Better response times and decreased downtime

As mentioned before, AI systems can predict and detect failures or issues with enough time. This will help IT operations to respond quickly and fix them before they cause a service discontinuity. AIOps can also empower IT teams to automate intelligent responses to incidents and improve response times. 

AIOps can help businesses bring down their mean time to detection (MTTD) and mean time to resolve (MTTR). Advanced anomaly detection systems can continuously monitor systems and look out for any malfunctions or anomalies before they become a problem.

With predictive analytics, AIOps can also make the team more proactive. For example, they can analyze the usage patterns to see if a network bandwidth may reach its limit or if a server may overheat. 

Improved cybersecurity

With advances in monitoring and detection systems, the organization’s cybersecurity will get a boost. With organizations going remote, many businesses are using AIOps to secure their employees’ devices that are distributed geographically. 

According to an MIT report, Siemens USA was one of the leaders here; their AIOps system collected data from all of their employee devices and analyzed them continuously to detect any threats. 

As cyber threats continue to disrupt operations and cost businesses millions in revenue, AIOps is a potential solution that can mitigate this risk, along other strategies like creating a culture of cybersecurity at work. These solutions can proactively identify threats and automatically initiate responses saving precious reaction time and protecting the organization from further damage. 

Drawbacks and challenges of AIOps

AIOps is a fairly new concept and organizations are only dipping their toes into it. As IT operations try to implement AIOps, they often face a couple of challenges. Here are some of them. 

Lack of AI and ML expertise

AI and Ml are fairly new fields and while they have been used to make applications, their application in IT operations is not tried and tested. So while IT teams are familiar with the benefits of AIOps, they’re finding it difficult to implement it, or even determine where they can best use it. AIOps experts are not easy to find and since they’re not used in IT operations, it's hard to find an ML expert among them. 

This may change soon as more organizations are investing in AIOps and more knowledge and best practices come to light. 

Not having a clear set of goals 

As with any IT initiative, AIOps need a clear set of goals to work towards. Mostly stemming from a lack of ML or AI expertise, IT teams often have unclear or unrealistic expectations from AIOps. AIOps are not a complete solution that can eliminate ITOps or one switch that can detect and stop all cybersecurity threats or predict all failures. 

Before investing in platforms or solutions, the ITOps team needs to gain a clear picture of what AIOps can solve and what they cannot.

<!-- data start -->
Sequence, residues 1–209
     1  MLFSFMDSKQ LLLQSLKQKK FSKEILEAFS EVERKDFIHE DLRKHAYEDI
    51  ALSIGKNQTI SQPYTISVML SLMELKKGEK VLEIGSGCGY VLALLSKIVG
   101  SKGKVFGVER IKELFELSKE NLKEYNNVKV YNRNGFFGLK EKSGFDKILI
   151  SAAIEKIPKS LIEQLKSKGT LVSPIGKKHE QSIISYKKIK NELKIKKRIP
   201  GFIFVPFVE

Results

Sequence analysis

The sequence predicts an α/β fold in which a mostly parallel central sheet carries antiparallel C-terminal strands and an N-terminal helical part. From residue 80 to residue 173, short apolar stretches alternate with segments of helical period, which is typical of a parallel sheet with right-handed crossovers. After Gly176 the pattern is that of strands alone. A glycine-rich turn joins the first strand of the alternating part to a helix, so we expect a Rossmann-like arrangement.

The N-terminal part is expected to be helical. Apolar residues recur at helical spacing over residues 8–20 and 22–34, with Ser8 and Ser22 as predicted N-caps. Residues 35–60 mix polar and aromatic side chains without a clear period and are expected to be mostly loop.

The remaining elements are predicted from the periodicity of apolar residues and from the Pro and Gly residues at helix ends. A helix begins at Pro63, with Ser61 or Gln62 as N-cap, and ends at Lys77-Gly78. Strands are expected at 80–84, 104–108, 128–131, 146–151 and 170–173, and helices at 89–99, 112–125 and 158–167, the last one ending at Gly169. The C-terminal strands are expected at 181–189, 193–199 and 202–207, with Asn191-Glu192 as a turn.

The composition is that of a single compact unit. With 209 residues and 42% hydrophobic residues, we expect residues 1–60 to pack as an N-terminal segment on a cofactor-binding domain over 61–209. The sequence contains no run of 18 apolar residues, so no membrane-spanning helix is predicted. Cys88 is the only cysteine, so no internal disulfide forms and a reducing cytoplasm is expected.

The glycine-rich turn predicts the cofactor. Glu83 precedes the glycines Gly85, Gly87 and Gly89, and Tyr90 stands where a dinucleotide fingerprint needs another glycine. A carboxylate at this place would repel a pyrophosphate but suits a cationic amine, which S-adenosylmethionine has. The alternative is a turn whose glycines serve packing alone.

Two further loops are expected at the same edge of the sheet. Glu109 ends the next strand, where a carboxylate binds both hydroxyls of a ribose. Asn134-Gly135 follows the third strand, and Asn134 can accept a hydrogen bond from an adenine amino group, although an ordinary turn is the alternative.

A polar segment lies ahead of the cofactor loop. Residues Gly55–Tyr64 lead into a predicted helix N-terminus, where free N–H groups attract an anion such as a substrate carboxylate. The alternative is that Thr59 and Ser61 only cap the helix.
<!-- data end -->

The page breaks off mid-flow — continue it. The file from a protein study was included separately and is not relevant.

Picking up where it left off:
And they need a top-down approach, determining the problems they need to solve, defining metrics of success, and then using AIOps to achieve that. 

Going all-in on AIOps without understanding it and trying to improve processes without looking at the overall picture may not work out well. 

Poor quality or unstructured data

ITOps have been fully manual for a long time and the personnel and their processes have adapted to these manual processes. And the documentation or processes have revolved around humans and making processes or requirements clear for them. For example, tickets have been highly descriptive; teams may use labels, but that was purely for analysis. 

But when you move for machines to understand these processes, it meant that most of this information was unstructured. These historical data had to be structured and normalized before you can use them for ML or AI.

This also meant that organizations had to rethink their way of working to get the most out AIOps. They had to adapt their workflows and processes to leverage AI for the best. 

Difficult to get teams to adopt and trust

AIOps can detect and defend against threats automatically. But how do you know it just can? More than that, how can you get your teams to trust it? Particularly when your team isn’t used to AI or ML solutions? This is a problem you’ll have to grapple with once you decide to go with AIOps. 

AI systems are often black boxes, and there’s no way you can tell how an AI predicted a disc failure or a cyber attack. This means you may run around trying to fix a false positive. This is a question you’ll often have to defend against when implementing AIOps. 

The answer will be (should be) in the metrics you have defined before implementing the AIOps. It can show you if AIOps is working or not. 

Where can you use AIOps?

There are many applications where you can deploy AIOps tools in IT operations. Here are a few of them. 

Intelligent alerting: As mentioned before, AIOps can intelligently route alerts to the relevant teams. It can also filter out false alerts. AIOps systems can also collect data streams from multiple sources and group them together if they’re all triggered by one event, instead of letting alerts from all these systems flood the dashboards. 

For example, if a certain router goes down, you don’t want alerts about networks going down, server outages, or any number of related issues pinging all over the place. This is what intelligent alerts prevent. 

Root cause identification: These solutions help companies quickly identify the underlying cause of a problem and launch a response. ML-based root cause identification solutions can understand problems in real-time and provide insights to resolve them. 

Monitoring: Teams can use AIOps tools to automatically monitor their network for issues, find any anomalies and raise alerts without manual effort. 

Capacity planning and demand management: Using intelligent analysis, AIOps can predict the hardware and networking resources needed to meet the required capacity based on previous usage patterns. IT teams can easily use these tools to find out the bandwidth, processing power, and hardware required to ensure that the capacity and availability standards defined in the SLA are met. 

Read other articles like this : IT General, DevOps, Workplace, aiops